Global EV growth to pass 25 million a year in 2025, says study

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The world is on track to add 25 million new electric vehicles to roads a year by 2025, a new report has forecast, after a massive 55 per cent growth in EV registrations was recorded in 2017.

In a German survey that counted cars with battery-powered electric drives, range extenders and plug-in hybrids, the number of EVs worldwide was put at 3.2 million, as at the beginning of 2018.

The survey, conducted by the Centre for Solar Energy and Hydrogen Research Baden-Württemberg (ZSW), confirmed that China is leading the push to electrified car transport, with some 1.2 million EVs on its own roads – nearly double the amount it had in 2016.

China “is the world’s most dynamic market in legacy vehicles and new registrations,” the report said. “1,212,280 electric cars are rolling on China’s roads these days. The count nearly doubled in 2017 with 579,000 new registrations.”

In second place on EV uptake was the US, with 751,510 e-cars, including 195,140 newly registered vehicles in 2017.

Japan ranked third with 201,410 cars, followed by Norway, with 187,270 cars – an increase of 62,320.

Interestingly, Norway also ranks at the top of the on the EV percentage share of all passenger cars, at 39.3 percent of cars newly registered in 2017 and 6.2 percent of all cars on the nation’s roads.

Meanwhile, in Australia, EV growth has been going backwards, with total sales of electric cars falling year-on-year since 2015, thanks to a dearth of government incentives to drive uptake, and an increasingly limited range of affordable models available to consumers.

According to the federal government itself, Australia is headed to a total of just one million EVs by 2040 – or 15 per cent of new sales by 2030.

Sources: Own calculations ZSW according to German Federal Motor Transport Authority, ZIV Zweirad-Industrie-Verband, European Alternative Fuel Observatory,, EV Sales, EV Norway, Avere France, FCE, EV Volumes, Department for Transport UK, Society of Motor Manufacturers and Traders (SMMT), CAAM, Rijksdienst voor Ondernemend Nederland, Bil Sweden, Green Car Reports, auto-schweiz.

On EV brand, the analysis from the German survey showed that the Chinese made BYD and BAIC cars accounted for the greatest number of new registrations.

In the West, Tesla retained top spot with 86,700 new registrations, despite the delays in the mass-market priced Model 3 rollout. BMW finished fourth, followed by VW in fifth place.

And, as many other major automakers – like the UK’s Land Rover Jaguar – start to turn their focus to electric vehicles, the EV growth story is only just beginning.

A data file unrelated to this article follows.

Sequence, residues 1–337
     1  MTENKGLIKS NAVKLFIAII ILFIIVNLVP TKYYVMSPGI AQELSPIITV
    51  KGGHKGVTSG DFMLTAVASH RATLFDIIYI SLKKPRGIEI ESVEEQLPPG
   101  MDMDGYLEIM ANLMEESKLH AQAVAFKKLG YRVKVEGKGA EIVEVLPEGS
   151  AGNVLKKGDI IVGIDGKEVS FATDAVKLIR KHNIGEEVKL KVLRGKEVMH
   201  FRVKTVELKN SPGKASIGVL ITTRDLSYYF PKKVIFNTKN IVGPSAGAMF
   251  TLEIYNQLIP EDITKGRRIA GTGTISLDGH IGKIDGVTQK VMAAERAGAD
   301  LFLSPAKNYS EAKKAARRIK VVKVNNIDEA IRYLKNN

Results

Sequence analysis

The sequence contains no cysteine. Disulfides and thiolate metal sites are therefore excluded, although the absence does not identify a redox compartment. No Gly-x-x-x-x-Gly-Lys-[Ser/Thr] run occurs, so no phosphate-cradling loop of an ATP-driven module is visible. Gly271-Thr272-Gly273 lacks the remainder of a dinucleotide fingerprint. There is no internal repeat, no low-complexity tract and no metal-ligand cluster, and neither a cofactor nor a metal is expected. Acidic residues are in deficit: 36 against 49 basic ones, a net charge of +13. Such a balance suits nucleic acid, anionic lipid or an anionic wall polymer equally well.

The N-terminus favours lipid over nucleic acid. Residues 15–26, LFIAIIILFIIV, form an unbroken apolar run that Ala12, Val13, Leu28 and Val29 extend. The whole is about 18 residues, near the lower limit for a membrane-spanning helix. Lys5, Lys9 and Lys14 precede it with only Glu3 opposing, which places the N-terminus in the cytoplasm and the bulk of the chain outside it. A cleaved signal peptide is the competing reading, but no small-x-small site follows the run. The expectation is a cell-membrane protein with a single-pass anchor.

“If the rate remains anywhere near (55 per cent), the number of electric vehicles registered annually will exceed 25 million by 2025,” says Prof. Werner Tillmetz, a member of ZSW’s board of directors and head of the Electrochemical Energy Technologies division.

“Growth rates like these also require enormous expansions in cell production,” Tilimetz added.

“Market demand for cell capacity will then come to more than 1,000 gigawatt hours per year,” he said.

“That is tantamount to 20 new gigawatt battery factories and more than €100 billion in investments—all within just a few years.

“It will take a broad investment campaign on the part of German and European industries to steer clear of the looming supply bottlenecks and strategic dependencies.”  

  • trackdaze

    Believe its should be gigawatt not gigabyte in the second last paragraph.

    Of course Australia is lagging. Abbott chased the car industry out so we can go back to horse and buggy.

    • Joe

      And of course our own EV Fanboy, the Kelly, doesn’t help the situation with his misleading rants about… ‘dirty polluting EV’s’

  • George Darroch

    Australia will catch up sooner or later. But we deserve sooner, and we deserve a better government who will make it happen.

    • Joe

      SA will again lead the nation to….. EV greatness.

  • Miles Harding

    If we consider that price parity is likely to be achieved around 2025, I would expect sales of ICE vehicles should be in steep decline by then. Except for…

    As the story says, this will require an enormous scale-up of battery production. I expect there will be a severe bottleneck as the car makers all try to secure supply from the limited number of quality makers.
    This will be made worse by stationary storage requirements.

    As a comment on the scale, for every battery factory we have today, an additonal 9 will have to be built to meet the demand, all within 7 years.

    • trackdaze

      Price parity projections to 2025 are a few years old now likely to be sooner.

      According to evsales blogs Jose Pontes Battery production growth exceeds vehicle growth Some of this is ofcourse absorbed by increased pack size.

  • handbaskets’r’us

    I’d be surprised if China doesn’t come up with a very affordable zip-around EV very soon.
    Most commuters only need 100kms or so range.
    A small car with 100kms at $25K is doable.
    It will happen soon.

  • Ray Miller

    Everyone should be on to their local federal member and ask them what is likely to happen, should the unthinkable happen and our imported oil pipe line is damaged in any way!
    We have essentially only days of oil reserves on hand, this is even after many reviews have recommended significant increases of all fuel storage, but for some reason the “Can” has been kicked down the road.
    Does anyone see a pattern with especially the LNP and NP?
    Check out Table 7 in the below link if you want to be frightened!

    Australia should be electrifying all our transport sector ASAP, this is a national priority!

  • trackdaze

    Worldwide plug in sales grew 90% in January.

    Odds of 1/4 of all vehicles sold being Evs in 2025 just shortened enough to become 2023.